April 5, 2010

Full of It

by Derek Richards

Father would make promises; Sunday morning bowling.
An afternoon fishing Parkhurst River.
Tiptoeing into my parents bedroom, up close
to the fancy-black bottle on the nightstand.
Empty. I had once asked Mother why he drank
so much. Because he works.
She had been wrist-deep in a soup of dish-soap
and soaked grease. She could spend an hour on a single dirty pan.
My friends, Chesepeake Johnson
and Olly Mathers had fathers that drank too.
Because they don't work.
I was born in 1984. The year the Rubber Factory
closed, and many fathers lost their jobs.
Also the year Mother divorced her first husband,
Dewey Fuller, the town's Mayor.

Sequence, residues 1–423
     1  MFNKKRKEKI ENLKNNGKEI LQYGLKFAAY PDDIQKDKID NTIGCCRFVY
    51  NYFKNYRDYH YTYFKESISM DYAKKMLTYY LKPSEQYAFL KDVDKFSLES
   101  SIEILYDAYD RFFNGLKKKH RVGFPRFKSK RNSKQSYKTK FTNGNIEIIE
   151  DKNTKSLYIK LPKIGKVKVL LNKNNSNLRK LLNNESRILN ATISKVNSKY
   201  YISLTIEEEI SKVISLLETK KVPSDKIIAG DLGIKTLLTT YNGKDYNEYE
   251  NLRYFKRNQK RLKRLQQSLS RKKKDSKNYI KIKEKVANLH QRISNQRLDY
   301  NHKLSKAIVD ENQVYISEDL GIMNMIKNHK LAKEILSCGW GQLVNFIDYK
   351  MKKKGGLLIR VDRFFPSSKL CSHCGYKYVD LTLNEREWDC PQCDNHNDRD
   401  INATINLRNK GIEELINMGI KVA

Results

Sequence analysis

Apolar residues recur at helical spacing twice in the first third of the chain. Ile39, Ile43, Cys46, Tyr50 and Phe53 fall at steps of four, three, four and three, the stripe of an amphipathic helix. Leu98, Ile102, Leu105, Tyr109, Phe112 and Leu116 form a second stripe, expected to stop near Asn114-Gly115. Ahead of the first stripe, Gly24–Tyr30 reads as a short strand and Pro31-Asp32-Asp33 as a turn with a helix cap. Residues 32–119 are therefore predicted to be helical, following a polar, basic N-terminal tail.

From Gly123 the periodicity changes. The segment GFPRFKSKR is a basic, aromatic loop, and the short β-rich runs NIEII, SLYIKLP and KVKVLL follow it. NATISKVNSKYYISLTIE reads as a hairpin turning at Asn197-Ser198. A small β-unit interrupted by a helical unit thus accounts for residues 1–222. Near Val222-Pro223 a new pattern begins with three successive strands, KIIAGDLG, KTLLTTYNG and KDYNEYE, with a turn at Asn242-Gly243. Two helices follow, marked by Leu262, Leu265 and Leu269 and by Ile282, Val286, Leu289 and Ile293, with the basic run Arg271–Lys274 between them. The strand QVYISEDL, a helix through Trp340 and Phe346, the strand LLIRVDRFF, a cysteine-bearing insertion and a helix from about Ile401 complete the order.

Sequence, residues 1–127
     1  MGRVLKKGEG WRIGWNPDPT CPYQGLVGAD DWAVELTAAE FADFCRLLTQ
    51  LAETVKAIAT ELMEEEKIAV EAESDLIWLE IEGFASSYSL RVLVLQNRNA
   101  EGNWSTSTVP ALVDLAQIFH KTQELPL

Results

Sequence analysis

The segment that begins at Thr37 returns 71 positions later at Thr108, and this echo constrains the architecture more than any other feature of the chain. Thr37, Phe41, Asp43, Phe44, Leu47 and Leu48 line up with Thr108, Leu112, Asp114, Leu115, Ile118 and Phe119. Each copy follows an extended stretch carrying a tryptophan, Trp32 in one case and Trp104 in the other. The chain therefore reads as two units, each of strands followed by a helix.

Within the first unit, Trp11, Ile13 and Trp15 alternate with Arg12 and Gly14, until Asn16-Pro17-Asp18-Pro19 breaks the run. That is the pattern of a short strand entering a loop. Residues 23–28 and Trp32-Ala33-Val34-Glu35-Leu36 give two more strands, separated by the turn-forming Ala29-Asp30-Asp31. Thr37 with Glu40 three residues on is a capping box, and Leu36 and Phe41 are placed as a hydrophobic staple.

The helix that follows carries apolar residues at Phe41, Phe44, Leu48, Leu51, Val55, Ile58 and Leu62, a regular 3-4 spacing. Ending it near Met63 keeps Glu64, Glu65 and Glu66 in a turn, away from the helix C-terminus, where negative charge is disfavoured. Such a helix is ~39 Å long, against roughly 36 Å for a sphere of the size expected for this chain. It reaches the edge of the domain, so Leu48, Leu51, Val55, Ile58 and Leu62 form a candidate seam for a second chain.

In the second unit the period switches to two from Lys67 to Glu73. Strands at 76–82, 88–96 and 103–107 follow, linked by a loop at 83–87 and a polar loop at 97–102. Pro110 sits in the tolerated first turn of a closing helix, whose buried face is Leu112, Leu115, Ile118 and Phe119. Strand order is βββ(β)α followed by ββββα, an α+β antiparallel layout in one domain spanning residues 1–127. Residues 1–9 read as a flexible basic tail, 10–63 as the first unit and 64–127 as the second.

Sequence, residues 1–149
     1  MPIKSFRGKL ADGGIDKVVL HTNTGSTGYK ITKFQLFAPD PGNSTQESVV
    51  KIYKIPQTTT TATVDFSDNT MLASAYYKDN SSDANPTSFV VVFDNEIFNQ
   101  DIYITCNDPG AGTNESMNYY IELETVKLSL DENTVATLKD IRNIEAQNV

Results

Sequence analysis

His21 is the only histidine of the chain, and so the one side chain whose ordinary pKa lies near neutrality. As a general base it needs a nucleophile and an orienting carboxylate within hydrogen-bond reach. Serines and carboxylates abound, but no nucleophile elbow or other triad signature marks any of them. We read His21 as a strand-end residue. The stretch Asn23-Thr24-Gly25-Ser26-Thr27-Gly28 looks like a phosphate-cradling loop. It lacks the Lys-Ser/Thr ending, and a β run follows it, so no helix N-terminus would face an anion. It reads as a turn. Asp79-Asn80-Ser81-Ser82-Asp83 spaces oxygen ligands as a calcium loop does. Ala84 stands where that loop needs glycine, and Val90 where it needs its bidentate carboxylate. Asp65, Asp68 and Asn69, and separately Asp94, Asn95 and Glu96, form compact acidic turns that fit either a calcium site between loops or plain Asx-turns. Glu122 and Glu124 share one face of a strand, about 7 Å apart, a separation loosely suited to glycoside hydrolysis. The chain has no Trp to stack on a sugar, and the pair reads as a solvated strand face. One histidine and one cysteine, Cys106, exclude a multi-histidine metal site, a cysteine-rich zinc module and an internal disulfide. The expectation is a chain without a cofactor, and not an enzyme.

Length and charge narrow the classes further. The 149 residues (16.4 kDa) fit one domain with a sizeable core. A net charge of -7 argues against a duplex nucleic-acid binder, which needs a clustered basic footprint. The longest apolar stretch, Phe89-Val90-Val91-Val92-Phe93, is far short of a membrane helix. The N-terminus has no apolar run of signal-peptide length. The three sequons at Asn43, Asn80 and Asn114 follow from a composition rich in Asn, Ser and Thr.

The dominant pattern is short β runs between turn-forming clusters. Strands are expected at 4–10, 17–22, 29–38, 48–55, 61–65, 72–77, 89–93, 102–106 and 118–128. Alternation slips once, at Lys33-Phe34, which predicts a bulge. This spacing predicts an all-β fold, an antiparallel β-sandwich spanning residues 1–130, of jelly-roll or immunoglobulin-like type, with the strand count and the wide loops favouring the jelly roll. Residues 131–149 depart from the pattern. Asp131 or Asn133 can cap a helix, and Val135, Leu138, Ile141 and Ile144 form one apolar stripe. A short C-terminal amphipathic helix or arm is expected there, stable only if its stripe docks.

Mathematics came to me at an early age. Father
always insisted he couldn't add two and two
for any good reason.
The older I got, the more instinctively I felt
my Father was sinking. Mother would always deny
anything was wrong, despite never placing the
clean dishes away without breaking one.
And so it had been another Sunday morning,
watching a man named Daddy snore the day away.
Often Mother would snore right in-sync.
Failed promises, mathematic mysteries.
Always trying to subtract a fancy-black bottle
from the empty spaces between sleep.


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